Amazon Takes Podcast Wars to Local Sports and News

You can’t go a day now without a new story about the podcast arms race, and it was only a matter of time until Amazon entered the fray. Whereas Spotify is going at it thus far from a national perspective — buying The Ringer, and licensing Joe Rogan’s podcast in a pair of nine-figure deals — Amazon is going to make a run at capitalizing on sports and news in local markets, Sara Fischer reports for Axios.

The story notes that local advertising is a $150 billion per year industry, of which audio adds up to about 10 percent — overwhelmingly, local audio advertising is dominated by radio. Thus, local news and sports podcasts were an inevitable frontier, and it would hardly be surprising if we hear about other big entities besides just Amazon jumping into these waters.

Acquisitions?

How Amazon will go about executing this strategy is fascinating. My first thought was why don’t they just go and buy iHeart, Cumulus, and/or Entercom? Amazon’s market capitalization (how much the company is worth) is about $1.2 trillion. iHeart’s is about $521 million, Cumulus’s is $82 million, and Entercom’s is $234 million. Combined, those three radio companies are worth less than $800 million, and they combine to own over 1,500 radio stations nationwide. Those three companies also own the most stations in the biggest markets.

While there would be anti-trust hurdles and these companies have a lot of debt, Amazon could acquire a dominant market share of local news and talk for the equivalent of pennies to them (the company has nearly $50 billion in cash). Further, iHeart and Cumulus both already have formidable standings in the podcast market:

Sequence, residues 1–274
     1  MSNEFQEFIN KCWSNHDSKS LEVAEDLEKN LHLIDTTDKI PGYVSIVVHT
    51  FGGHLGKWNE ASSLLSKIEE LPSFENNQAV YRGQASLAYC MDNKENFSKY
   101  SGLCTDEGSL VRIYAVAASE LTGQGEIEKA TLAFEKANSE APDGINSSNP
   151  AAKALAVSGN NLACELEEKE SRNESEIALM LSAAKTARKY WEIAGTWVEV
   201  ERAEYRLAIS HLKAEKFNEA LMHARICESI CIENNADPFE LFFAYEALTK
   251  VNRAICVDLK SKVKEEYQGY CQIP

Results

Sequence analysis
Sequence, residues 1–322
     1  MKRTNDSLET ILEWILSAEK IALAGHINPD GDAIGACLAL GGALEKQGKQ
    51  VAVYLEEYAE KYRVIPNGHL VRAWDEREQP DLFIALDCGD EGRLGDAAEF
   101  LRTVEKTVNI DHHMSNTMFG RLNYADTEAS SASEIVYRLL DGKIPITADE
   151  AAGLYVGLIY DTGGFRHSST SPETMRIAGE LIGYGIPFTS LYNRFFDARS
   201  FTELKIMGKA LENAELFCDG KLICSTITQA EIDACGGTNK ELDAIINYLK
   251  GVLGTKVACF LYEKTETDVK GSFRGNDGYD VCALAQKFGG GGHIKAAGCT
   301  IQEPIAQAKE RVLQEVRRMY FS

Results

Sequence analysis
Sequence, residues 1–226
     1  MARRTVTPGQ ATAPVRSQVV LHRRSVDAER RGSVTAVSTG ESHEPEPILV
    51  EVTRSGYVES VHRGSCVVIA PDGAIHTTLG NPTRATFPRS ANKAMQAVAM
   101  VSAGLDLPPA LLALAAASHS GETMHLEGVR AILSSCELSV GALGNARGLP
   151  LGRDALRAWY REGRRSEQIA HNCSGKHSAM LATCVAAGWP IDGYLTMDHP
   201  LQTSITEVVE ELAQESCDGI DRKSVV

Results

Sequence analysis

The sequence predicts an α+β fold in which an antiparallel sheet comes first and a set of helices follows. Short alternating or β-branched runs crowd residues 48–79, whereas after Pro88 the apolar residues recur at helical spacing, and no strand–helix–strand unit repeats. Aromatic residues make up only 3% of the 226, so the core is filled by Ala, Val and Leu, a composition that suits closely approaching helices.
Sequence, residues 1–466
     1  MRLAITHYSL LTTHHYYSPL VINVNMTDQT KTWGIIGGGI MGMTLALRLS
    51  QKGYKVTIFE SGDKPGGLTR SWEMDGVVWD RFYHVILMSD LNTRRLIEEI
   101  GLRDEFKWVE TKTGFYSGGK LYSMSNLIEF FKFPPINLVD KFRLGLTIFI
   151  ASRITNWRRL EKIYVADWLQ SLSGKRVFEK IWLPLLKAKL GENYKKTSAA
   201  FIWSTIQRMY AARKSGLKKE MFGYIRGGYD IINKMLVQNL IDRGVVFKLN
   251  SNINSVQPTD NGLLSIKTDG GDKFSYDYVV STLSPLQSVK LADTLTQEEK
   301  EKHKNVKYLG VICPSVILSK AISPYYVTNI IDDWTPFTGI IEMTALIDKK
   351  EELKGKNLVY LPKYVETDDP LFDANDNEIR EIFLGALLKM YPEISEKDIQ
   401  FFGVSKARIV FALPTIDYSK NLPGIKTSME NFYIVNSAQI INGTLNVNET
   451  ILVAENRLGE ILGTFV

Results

Note that this list excludes brands like The Ringer that do not sign up to have their podcasts tracked by Podtrac.

Direct hires?

 

Another strategy Amazon — or others — could deploy is similar to what The Athletic did to newspapers: Just go region by region and pluck the best talent. Here, big players could forgo the debt loads and large fixed costs that would come with buying legacy radio brands, co-opting the listenership of the most significant news and sports voices. This comes with a little bit of risk as not everyone’s audience is portable across new mediums — for example, Mike Francesa has not had as much relevance streaming on Entercom’s digital property as he did over the years on WFAN’s airwaves.

There is also a question of whether and to what extent Amazon, and the inevitable other players in this realm, want personality with their sports and news. Pure information has a ceiling as to how much audience can be engaged. The most galvanizing personalities are also the most polarizing in radio. This is especially true in news, where hard red or hard blue commentary accumulates bigger reach in a fragmented marketplace, and it’s also the case in some regard in sports.

Bottom Line

Whether Amazon opts to acquire legacy media brands or go for the jugular in talent, this is a media story that is obviously worth watching. These big tech players are coming at audio with deeper pockets than we’ve seen in radio, and it promises to be a windfall for the most prominent voices in sports and news media.

Disclosure: Outkick’s founder Clay Travis is an on-air talent for iHeart’s Fox Sports Radio.

Written by Ryan Glasspiegel

Ryan Glasspiegel grew up in Connecticut, graduated from University of Wisconsin-Madison, and lives in Chicago. Before OutKick, he wrote for Sports Illustrated and The Big Lead. He enjoys expensive bourbon and cheap beer.